Hey, Pops! I hope your little lady or tiny tot is growing healthy, happy, and vibrantly into month 7 of their life. By now, you’re probably pretty used to being a dad—though I’m sure there are times you still need to pinch yourself. That said, I want to slow down a little and speak from the heart, not about your relationship with your baby, but your relationship with your partner.

Don’t Forget What Started it All

There are Dads and Moms out there who are raising their children alone, for one reason or another, and it’s hard. If you’re in that boat, I feel for your struggle, and I hope you have a strong support system in place to help you take care of yourself and to contribute to your child’s life. You are absolutely rocking this parenting thing, and you deserve all the love. Keep kicking ass, and never forget to take time for your own hobbies and self-care.

For those who are together, you might feel like you and your partner are on top of the world. Your new baby has made your relationship stronger, and when you see your significant other taking care of your little co-creation, it strengthens that bond. Others might feel part of that bond through their child, but their own bonds as individuals begin to sever, and they start feeling distant from their partner. A lot of relationships get stuck there, and I (and most parents) can speak from experience. If left to its own devices, that distance becomes a chasm.

Get Out and Live a Little

It may take a while before you are comfortable leaving your baby with a family member or babysitter, but if you feel even the slightest need to reconnect with your partner, get out and have a date night as soon as you’re comfortable (that was around 3-months for us, but it can be sooner or later depending on the two of you).

If you can’t get out, have a romantic dinner at home. Leave notes around the house (maybe at their vanity to find in the morning or on the nightstand before bed) letting them know you care and appreciate them. Pack their lunch and slip a thoughtful message inside. Ask them what they’re thinking, how they’re feeling, and how their day went. The magic that happens when you offer to just sit and listen can’t be replaced by any gift or date night. I loved hearing about my partner’s day and hearing her passion for her work, and I know she appreciated it when I just sat and gave her my attention.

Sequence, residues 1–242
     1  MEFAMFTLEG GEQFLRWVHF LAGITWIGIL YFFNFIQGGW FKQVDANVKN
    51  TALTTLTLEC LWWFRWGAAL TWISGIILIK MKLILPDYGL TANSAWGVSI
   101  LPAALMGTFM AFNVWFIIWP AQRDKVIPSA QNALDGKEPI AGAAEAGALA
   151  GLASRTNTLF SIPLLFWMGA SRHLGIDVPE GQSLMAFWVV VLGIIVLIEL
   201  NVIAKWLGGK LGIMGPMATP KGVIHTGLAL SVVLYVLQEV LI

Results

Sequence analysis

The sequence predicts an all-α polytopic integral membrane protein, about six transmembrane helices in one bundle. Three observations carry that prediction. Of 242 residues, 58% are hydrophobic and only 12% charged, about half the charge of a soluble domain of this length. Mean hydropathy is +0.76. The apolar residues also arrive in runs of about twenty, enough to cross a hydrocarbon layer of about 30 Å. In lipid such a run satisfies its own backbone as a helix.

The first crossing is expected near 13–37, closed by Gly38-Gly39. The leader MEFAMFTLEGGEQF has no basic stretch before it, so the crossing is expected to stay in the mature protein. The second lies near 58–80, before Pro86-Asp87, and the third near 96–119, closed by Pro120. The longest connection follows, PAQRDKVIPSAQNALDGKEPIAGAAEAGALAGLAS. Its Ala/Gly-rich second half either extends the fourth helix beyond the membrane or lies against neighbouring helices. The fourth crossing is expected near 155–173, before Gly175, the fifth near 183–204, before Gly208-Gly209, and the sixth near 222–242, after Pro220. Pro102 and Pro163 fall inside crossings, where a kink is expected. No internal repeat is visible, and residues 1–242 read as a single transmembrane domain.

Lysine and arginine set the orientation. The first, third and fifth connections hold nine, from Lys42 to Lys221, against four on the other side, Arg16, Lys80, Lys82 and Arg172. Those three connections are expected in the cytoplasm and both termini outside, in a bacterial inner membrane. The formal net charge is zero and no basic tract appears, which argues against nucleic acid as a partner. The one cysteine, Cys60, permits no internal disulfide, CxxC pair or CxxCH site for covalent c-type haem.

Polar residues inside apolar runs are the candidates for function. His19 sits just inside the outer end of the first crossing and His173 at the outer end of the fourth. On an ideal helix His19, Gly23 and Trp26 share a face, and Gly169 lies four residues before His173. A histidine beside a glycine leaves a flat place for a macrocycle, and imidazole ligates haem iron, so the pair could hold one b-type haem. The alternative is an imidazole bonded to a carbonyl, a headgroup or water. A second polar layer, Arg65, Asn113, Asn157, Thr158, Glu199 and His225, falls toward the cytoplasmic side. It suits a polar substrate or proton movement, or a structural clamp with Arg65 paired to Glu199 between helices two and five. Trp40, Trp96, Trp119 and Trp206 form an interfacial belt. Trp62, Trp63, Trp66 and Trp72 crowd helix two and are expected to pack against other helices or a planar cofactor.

Most importantly, if there’s a distance growing—don’t wait. Distance isn’t closed by inaction or time, it’s closed by getting back to your roots, spending time together, and letting your partner know you still care. Sometimes it’s as easy as letting them know how much you appreciate them and their sacrifices as a new parent.

Things Are Different, but Things Haven’t Changed

People struggle when priorities in their lives shift or when a partner switches their priorities. When a new baby comes into the picture, there is a monumental change. If a partner is struggling with that, sit down and talk. Sometimes it stems from feeling left out. If that’s the case, engage them in helping you take care of the baby, play games, and read books. Ultimately they will need to understand that things are different, and that’s okay. Your love for one another is something that hasn’t changed.

Give Them a Break

Whether Dad or Mom is the stay at home parent, a 7-month-old baby (or a household full of kids) can be exhausting, and for some, being in the house or running errands all day can be monotonous and depressing. Taking care of your home, family, and finances is a group effort, and the last thing you want to do is keep score on who is contributing more.

If your partner is feeling overwhelmed, step in as much as you can to help with the baby, help around the house, or help them with their own self-care (an appointment to get their hair or nails done, or a golf outing with the guys, for example). I can’t stress how important this is. Without taking time for self-care, even the strongest parent will lose their way.

Relationships with your loved ones, children, and friends can be difficult and take a lot of maintenance, especially in the face of a new baby, but they’re important and without them, life’s lows will last longer and its highs will be fleeting.

Do what you can to take care of one another and yourselves and always remember what’s truly important in life. Our time here is limited—when you’re looking back, you won’t reminisce about how big your paycheck was or find solace in the stuff you’ve accumulated, you’ll think about the memories you made and the people who shared in them.


Missed the other months? If you’re new to fatherhood, there’s no judgment here. You can find the previous month here:

What I Wish I Knew About Becoming a Dad — Month 6


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